Chinese commentators have begun to acknowledge the Belt and Road Initiative may also have a military component, with a recent op-ed in the Chinese state tabloid Global Times invoking Pakistan’s and Nepal’s border disputes with India and saying 'both of them are key partners under the China-proposed [BRI], if India escalates border tensions, it could face military pressure from two or even three fronts, which is far beyond India's military capability and this might lead to a disastrous defeat for India'. Whether it’s a one-off extrapolation by a ‘wolf-warrior’ isn’t known, but the statement is worth mulling over.
There is little indication (and also inclination, if one might add, after the constitutional amendment) India will agree to hold talks with Nepal over Kalapani any time soon. Similarly, despite the US Embassy’s clarifications and willingness to discuss the MCC, there have been no approaches from the Nepali side, despite much back-and-forth within the ruling party. But what do we make of Nepal’s professed non-alignment when Pushpa Kamal Dahal ‘Prachanda’, chairman of the ruling party, announces at the virtual cross-border conference with the CCP that Nepal will not accept any foreign assistance with a security component?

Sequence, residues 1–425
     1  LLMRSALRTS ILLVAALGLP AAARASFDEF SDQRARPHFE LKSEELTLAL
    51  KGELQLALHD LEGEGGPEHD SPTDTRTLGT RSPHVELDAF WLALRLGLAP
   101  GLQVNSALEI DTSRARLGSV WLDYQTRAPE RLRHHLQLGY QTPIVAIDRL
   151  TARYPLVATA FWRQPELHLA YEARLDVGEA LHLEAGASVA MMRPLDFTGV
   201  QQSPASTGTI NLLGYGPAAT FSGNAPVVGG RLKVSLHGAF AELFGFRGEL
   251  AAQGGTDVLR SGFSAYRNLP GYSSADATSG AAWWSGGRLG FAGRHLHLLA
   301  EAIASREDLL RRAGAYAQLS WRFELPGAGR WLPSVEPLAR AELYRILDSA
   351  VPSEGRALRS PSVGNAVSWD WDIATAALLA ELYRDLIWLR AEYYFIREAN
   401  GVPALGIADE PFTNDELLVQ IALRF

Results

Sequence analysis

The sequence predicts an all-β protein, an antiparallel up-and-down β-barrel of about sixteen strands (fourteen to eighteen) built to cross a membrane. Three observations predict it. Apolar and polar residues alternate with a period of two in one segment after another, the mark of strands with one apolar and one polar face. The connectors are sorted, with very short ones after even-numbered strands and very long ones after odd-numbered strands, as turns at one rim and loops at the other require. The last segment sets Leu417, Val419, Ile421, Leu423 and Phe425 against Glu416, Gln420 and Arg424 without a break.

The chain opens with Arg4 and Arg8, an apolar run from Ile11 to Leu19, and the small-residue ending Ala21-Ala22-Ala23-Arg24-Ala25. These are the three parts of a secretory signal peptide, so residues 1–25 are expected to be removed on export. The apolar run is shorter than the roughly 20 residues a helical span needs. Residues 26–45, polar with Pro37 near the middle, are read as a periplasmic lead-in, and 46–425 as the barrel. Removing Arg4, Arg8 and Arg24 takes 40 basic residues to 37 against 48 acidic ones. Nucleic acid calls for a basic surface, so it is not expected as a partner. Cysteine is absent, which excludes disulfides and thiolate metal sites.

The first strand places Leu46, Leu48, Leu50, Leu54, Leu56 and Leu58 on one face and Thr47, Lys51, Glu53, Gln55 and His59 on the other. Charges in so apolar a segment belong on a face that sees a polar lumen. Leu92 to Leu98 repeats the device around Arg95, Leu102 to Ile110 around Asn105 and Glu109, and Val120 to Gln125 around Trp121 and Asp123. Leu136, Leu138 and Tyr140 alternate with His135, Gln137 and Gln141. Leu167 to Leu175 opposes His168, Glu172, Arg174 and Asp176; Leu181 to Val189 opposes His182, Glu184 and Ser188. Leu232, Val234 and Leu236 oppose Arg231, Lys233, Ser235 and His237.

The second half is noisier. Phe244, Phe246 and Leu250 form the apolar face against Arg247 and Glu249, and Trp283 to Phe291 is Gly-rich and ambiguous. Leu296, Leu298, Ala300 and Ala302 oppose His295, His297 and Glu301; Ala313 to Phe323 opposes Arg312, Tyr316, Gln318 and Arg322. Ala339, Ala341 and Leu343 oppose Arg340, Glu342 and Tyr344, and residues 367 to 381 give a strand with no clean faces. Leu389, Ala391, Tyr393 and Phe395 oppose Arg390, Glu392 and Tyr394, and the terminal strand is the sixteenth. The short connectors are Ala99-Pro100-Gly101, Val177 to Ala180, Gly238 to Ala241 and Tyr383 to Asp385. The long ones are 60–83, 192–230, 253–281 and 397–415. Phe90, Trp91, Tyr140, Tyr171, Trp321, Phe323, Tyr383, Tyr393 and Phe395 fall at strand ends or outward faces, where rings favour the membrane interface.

It is widely known that partisan interests are driving Nepal’s foreign policy at the moment. Kathmandu may not have realised it, but the international geopolitical situation is changing swiftly, and with the Ladakh episode, there is an urgency that was unrealised so far. Nepal can no longer afford to send out incoherent and inchoate messages, nor can it resort to protest politics to drive its policies. It must be aware of its strategic limitations, and to what extent can it afford to punch above its weight. The foreign policy establishment may want to examine the global state of affairs before the country finds itself in a position it cannot extricate itself from. Non-alignment works best if the optics accompany it; not if actions differ from words.